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Cystine calculi: correlation of CT-visible structure, CT number, and stone morphology with fragmentation by shock wave lithotripsy

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Cystine stones are often highly resistant to shock wave lithotripsy (SWL), but it has been reported that cystine stones of “rough” morphology are actually quite susceptible to SWL. Based on the observation that rough cystine stones contain void regions that are visible by helical computed tomographic (CT) imaging, we hypothesized that the internal structure of cystine stones would correlate with the susceptibility of stones to SWL. Cystine stones with average diameters between 4 and 7 mm were scanned using micro and helical CT, classified morphologically according to published criteria, and broken in a research electrohydraulic lithotripter, with fragments sieved through a 2 mm mesh every 50 SWs. Stones with regions of low X-ray attenuation visible on helical CT required only 650 ± 312 SW/g for total comminution, while those that did not show CT-visible internal structure required 1,046 ± 307 SW/g (mean ± SD, < 0.004). In addition, both average and minimum values for CT number (in Hounsfield units, HU) correlated with SW/g to comminution (< 0.003 and < 0.0003, respectively), and these relationships were independent of stone size. This study also confirmed the relationship between the morphological criteria of Bhatta et al. (J Urol 142:937–940, 1989) and cystine stone fragility: Rough stones required 609 ± 244 SW/g (n = 11), smooth stones 1,109 ± 308 SW/g (n = 8), and stones intermediate in morphology 869 ± 384 SW/g (n = 7; rough different from smooth, < 0.005). In conclusion, cystine stones that appeared homogeneous by helical CT required 61% more SWs for comminution than did stones showing regions of low X-ray attenuation. These findings demonstrate the feasibility of using helical CT to identify cystine stones that will be susceptible to SWL.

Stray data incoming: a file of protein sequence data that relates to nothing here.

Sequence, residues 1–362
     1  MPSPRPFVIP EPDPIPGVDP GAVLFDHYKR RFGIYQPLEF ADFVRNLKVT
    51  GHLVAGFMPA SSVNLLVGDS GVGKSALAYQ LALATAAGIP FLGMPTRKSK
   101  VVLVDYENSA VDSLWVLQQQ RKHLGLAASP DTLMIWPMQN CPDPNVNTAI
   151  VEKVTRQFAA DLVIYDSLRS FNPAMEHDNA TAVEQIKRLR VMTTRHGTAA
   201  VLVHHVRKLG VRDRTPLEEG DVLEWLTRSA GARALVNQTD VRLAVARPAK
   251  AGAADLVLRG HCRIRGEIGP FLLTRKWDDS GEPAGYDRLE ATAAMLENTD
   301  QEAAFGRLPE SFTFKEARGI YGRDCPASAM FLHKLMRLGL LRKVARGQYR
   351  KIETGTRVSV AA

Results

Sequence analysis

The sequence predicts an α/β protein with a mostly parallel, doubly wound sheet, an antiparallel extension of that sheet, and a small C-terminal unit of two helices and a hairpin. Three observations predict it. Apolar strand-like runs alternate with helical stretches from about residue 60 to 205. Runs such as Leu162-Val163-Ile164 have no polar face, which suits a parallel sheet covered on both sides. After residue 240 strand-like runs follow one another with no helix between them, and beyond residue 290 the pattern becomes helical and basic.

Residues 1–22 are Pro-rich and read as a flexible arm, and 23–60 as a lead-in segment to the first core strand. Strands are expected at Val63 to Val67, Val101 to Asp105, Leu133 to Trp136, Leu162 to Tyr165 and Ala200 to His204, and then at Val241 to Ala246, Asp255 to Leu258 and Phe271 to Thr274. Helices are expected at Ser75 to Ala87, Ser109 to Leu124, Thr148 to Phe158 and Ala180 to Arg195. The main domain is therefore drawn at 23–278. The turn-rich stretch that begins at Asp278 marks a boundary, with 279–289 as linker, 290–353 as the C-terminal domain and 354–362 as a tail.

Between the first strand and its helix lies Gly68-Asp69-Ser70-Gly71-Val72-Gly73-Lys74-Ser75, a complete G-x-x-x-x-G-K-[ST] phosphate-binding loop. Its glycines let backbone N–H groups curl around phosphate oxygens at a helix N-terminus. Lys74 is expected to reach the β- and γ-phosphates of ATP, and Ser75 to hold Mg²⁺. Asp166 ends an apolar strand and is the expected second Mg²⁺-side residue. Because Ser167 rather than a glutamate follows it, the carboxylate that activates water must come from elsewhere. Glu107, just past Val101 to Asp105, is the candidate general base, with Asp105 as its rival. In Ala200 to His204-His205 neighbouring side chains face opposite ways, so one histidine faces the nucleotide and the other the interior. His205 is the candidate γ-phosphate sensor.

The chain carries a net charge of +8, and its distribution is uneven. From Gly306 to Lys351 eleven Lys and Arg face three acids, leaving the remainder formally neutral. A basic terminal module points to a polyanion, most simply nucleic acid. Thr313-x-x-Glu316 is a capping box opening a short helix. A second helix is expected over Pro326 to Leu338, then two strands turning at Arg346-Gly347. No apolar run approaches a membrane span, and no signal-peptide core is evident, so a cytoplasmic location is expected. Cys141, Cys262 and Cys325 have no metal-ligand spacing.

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Thanks to Molly Jackson for help with the stone fragmentation experiments, and to Dr. Robert Nadler and Dr. Edwin Prien for donating cystine stones from their collections. This work was supported by NIH R01 DK59933 and P01 DK43881.

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Correspondence to James C. Williams Jr.

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Kim, S.C., Burns, E.K., Lingeman, J.E. et al. Cystine calculi: correlation of CT-visible structure, CT number, and stone morphology with fragmentation by shock wave lithotripsy. Urol Res 35, 319–324 (2007).

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